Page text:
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Cheltenham Festival 2021: the absence of spectatorship and its impact on the betting industry

For the first time in its 161-year history, the Cheltenham Festival has been taking place behind closed doors, with no fans allowed to attend this year due to COVID-19’s presence.

A year on from last year’s race week, which was promptly followed by the first of three national lockdowns in the UK, public health has reigned supreme in the minds of the Festival planners to make sure the show can still go ahead. Despite the empty stands and hospitality villages, each race has delivered no less excitement or drama than normal.

Star runners and race favourites Monkfish, Honeysuckle and Shishkin have given joy to the punters who backed them in their bets and accumulators from the comforts of their sofas, whereas surprise victors like Jeff Kidder at 80/1 and Heaven Help Us at 33/1 have given betting companies huge sighs of relief in avoiding big payouts.

With betting shops up and down the country closed for this year’s Festival due to lockdown, there has been a huge shift from people who use traditional betting methods at this time of year towards using apps on their phones in order to make their selections for each race.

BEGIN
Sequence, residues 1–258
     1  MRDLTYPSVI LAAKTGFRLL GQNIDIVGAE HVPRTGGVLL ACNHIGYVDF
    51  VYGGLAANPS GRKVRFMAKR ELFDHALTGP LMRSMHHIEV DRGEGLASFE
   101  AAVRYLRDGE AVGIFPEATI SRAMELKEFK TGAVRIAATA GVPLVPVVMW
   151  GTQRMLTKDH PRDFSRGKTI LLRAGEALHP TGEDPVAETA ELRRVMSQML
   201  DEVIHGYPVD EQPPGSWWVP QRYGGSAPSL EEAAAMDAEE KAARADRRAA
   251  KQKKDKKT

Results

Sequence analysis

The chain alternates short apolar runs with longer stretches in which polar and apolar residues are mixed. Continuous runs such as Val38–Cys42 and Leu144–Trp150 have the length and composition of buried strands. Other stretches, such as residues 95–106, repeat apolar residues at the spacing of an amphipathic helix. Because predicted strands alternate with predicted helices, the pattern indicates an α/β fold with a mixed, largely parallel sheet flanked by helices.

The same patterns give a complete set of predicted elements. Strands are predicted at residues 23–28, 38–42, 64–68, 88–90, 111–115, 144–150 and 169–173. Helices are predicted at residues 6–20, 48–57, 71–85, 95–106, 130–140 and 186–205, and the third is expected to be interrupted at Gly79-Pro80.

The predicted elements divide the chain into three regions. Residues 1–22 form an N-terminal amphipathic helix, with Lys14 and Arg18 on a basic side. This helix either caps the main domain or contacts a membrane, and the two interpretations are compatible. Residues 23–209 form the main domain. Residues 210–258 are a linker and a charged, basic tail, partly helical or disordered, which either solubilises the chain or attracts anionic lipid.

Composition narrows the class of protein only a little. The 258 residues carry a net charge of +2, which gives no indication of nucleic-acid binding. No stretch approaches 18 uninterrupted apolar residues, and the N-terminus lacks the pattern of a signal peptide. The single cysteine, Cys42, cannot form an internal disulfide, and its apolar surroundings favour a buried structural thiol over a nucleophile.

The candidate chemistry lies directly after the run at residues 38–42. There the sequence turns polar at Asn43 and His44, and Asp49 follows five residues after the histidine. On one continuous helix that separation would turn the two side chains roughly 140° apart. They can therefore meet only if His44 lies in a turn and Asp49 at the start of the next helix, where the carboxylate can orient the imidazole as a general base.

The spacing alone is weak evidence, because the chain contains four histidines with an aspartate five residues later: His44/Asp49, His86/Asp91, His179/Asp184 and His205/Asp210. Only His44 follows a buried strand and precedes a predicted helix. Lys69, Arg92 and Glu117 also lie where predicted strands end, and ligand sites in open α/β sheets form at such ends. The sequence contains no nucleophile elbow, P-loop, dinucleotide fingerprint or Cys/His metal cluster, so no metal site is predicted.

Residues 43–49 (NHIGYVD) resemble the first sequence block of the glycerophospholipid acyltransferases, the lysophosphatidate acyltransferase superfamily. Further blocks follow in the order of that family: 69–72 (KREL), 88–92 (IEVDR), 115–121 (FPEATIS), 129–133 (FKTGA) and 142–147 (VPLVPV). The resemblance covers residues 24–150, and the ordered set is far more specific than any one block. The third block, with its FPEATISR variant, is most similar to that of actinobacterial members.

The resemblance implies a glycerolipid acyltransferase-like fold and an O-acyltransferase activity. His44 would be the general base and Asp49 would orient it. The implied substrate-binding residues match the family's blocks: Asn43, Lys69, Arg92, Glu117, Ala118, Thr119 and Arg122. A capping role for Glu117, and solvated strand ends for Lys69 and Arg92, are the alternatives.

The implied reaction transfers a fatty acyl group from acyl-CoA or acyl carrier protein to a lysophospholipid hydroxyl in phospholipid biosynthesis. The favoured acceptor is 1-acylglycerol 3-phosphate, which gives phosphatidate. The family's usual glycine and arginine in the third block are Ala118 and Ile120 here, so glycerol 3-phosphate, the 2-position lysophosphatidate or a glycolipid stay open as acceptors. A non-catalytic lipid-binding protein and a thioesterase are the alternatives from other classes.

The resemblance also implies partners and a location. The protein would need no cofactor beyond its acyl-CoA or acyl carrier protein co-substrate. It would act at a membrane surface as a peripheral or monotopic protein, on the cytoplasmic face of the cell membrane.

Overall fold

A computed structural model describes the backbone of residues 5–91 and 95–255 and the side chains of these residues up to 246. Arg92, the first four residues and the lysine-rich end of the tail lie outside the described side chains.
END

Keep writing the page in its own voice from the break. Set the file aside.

Even with this rise of online betting and the traffic that the major firms will invite onto their sites through tempting sign up offers and price boost specials, the industry as a whole will bring in less revenue compared with previous years as a result of the implications of lockdown measures.

Coral is one of the biggest and most popular betting firms in the UK, who will be one of the many operators who are still hoping for a successful return in profits from the unique nature of this year’s Festival.

“It’s a shame that betting shops are still closed, as these four days are always busy for our retail colleagues,” said Coral’s Head of PR David Stevens. “But we’ve obviously seen more punters move online in the last year, and that will help maintain turnover levels across what is the most eagerly-anticipated week of the racing year. 

“The turnover figures confirm that it’s not just for owners, trainers and jockeys that a Cheltenham Festival winner is so sought after, but punters share that view, ensuring that whatever the challenges facing the wider world right now, this week remains the most important in the calendar for the betting industry.”

William Hill is another well renowned bookmaker, who will see a possible turnover downfall of about 10-15% over the course of the four-day festival, with their retailers in Cheltenham’s town centre closed for any sort of trade.

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Despite this, the company’s International PR Manager Rupert Adams believes that, more importantly, racing fans will be missing out on the same social thrill and excitement that being all together normally brings.

“The reality is that a lot of people, particularly those of the older age group, use these betting shops as their leisure activity,” Adams points out. “They go down everyday to see their mates, bet a fiver or a tenner and have a chat about the bets they’ve made, but obviously they won’t be able to do that this year.

“It is really sad for those people because there’s great community spirit that comes from socialising in these shops.”

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